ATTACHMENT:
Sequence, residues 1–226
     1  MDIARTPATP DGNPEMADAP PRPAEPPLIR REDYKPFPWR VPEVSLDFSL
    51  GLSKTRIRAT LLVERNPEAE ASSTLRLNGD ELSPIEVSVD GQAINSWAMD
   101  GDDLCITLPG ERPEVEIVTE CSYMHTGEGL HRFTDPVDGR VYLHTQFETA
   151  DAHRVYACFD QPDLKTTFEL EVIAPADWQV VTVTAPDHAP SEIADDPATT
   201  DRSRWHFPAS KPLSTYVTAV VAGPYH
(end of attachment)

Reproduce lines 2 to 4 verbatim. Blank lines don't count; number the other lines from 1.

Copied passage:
     1  MDIARTPATP DGNPEMADAP PRPAEPPLIR REDYKPFPWR VPEVSLDFSL
    51  GLSKTRIRAT LLVERNPEAE ASSTLRLNGD ELSPIEVSVD GQAINSWAMD
   101  GDDLCITLPG ERPEVEIVTE CSYMHTGEGL HRFTDPVDGR VYLHTQFETA